Thursday, December 12, 2013
The Associated Press
(Continued from page 1)
A May 20, 2013, photo of James Gandolfini at the L.A. premiere of "Nicky Deuce" in Los Angeles.
AP / Richard Shotwell, Invision
Gandolfini also worked with Chase for the '60s period drama "Not Fade Away," in which he played the old-school father of a wannabe rocker. And in Andrew Dominick's crime flick "Killing Them Softly," he played an aged, washed-up hit man.
Brad Pitt, his co-star in that film, called him "a ferocious actor, a gentle soul and a genuinely funny man. I am fortunate to have sat across the table from him and am gutted by this loss. I wish his family strength and some semblance of peace."
On Broadway, he garnered a best-actor Tony Award nomination for 2009's "God of Carnage."
Deploying his unsought clout as a star, Gandolfini produced a pair of documentaries for HBO focused on a cause he held dear: veterans affairs.
His final projects included the film "Animal Rescue," directed by Michael R. Roskam and written by Dennis Lehane, which has been shot and is expected to be released next year. He also had agreed to star in a seven-part limited series for HBO, "Criminal Justice," based on a BBC show. He had shot a pilot for an early iteration of the project.
While Tony Soprano was a larger-than-life figure, Gandolfini was exceptionally modest and obsessive — he described himself as "a 260-pound Woody Allen."
In past interviews, his cast mates had far more glowing descriptions to offer.
"I had the greatest sparring partner in the world, I had Muhammad Ali," said Lorraine Bracco, who, as Tony's psychiatrist Dr. Melfi, went one-on-one with Gandolfini in their penetrating therapy scenes. "He cares what he does, and does it extremely well."
Gandolfini grew up in Park Ridge in New Jersey, the son of a building maintenance chief at a Catholic school and a high school lunch lady.
After earning a degree in communications from Rutgers University, Gandolfini moved to New York, where he worked as a bartender, bouncer and nightclub manager. When he was 25, he joined a friend of a friend in an acting class.
Gandolfini's first big break was a Broadway production of "A Streetcar Named Desire" where he played Steve, one of Stanley Kowalski's poker buddies. His film debut was in Sidney Lumet's "A Stranger Among Us" (1992).
Director Tony Scott had praised Gandolfini's talent for fusing violence with charisma — which he would perfect in Tony Soprano.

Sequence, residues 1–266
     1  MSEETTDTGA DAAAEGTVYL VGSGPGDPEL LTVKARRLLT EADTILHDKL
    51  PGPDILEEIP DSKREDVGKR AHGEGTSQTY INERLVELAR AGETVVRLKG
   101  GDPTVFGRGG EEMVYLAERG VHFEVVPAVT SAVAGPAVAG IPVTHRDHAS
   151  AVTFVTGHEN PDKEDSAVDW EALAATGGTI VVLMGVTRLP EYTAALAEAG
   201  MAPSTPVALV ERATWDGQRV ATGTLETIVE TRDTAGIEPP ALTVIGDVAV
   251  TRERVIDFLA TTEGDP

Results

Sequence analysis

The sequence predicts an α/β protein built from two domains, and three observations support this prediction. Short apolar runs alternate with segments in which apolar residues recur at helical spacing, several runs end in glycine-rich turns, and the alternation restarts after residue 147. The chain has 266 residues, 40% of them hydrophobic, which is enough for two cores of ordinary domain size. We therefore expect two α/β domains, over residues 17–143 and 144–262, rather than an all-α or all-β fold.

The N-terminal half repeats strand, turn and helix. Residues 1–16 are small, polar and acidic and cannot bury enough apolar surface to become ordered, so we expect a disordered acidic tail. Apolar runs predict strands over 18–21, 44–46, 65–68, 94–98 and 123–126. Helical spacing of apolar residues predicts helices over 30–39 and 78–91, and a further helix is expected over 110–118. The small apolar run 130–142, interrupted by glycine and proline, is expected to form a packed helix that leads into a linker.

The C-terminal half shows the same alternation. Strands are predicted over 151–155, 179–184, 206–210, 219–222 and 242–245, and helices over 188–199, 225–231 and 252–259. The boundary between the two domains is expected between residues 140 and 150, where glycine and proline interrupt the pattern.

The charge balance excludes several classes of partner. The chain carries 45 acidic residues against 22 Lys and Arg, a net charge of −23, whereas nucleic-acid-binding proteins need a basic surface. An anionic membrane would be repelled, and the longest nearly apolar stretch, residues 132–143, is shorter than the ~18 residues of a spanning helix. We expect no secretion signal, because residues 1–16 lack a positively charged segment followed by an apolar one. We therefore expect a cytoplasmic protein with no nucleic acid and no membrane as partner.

Gandolfini played a tough guy in Scott's 1993 film "True Romance," who beat Patricia Arquette's character to a pulp while offering such jarring, flirtatious banter as, "You got a lot of heart, kid."
Scott called Gandolfini "a unique combination of charming and dangerous."
In his early career, Gandolfini had supporting roles in "Crimson Tide" (1995), "Get Shorty" (1995), "The Juror" (1996), Lumet's "Night Falls on Manhattan" (1997), "She's So Lovely" (1997), "Fallen" (1998) and "A Civil Action" (1998). But it was "True Romance" that piqued the interest of Chase.
In his 2012 AP interview, Gandolfini said he gravitated to acting as a release, a way to get rid of anger. "I don't know what exactly I was angry about," he said.
"I try to avoid certain things and certain kinds of violence at this point," he said last year. "I'm getting older, too. I don't want to be beating people up as much. I don't want to be beating women up and those kinds of things that much anymore."
The U.S. Embassy in Rome, which said it had learned about the death from the media, said it would be available to provide a death certificate and help prepare Gandolfini's body for return to the United States. The Embassy said it can take between four and seven days to arrange shipment outside of Italy.
It isn't yet known yet what caused his heart to stop beating. Sudden cardiac arrest can be due to a heart attack, a heart rhythm problem, or as a result of trauma. The chance of cardiac arrest increases as people get older; men over age 45 have a greater risk.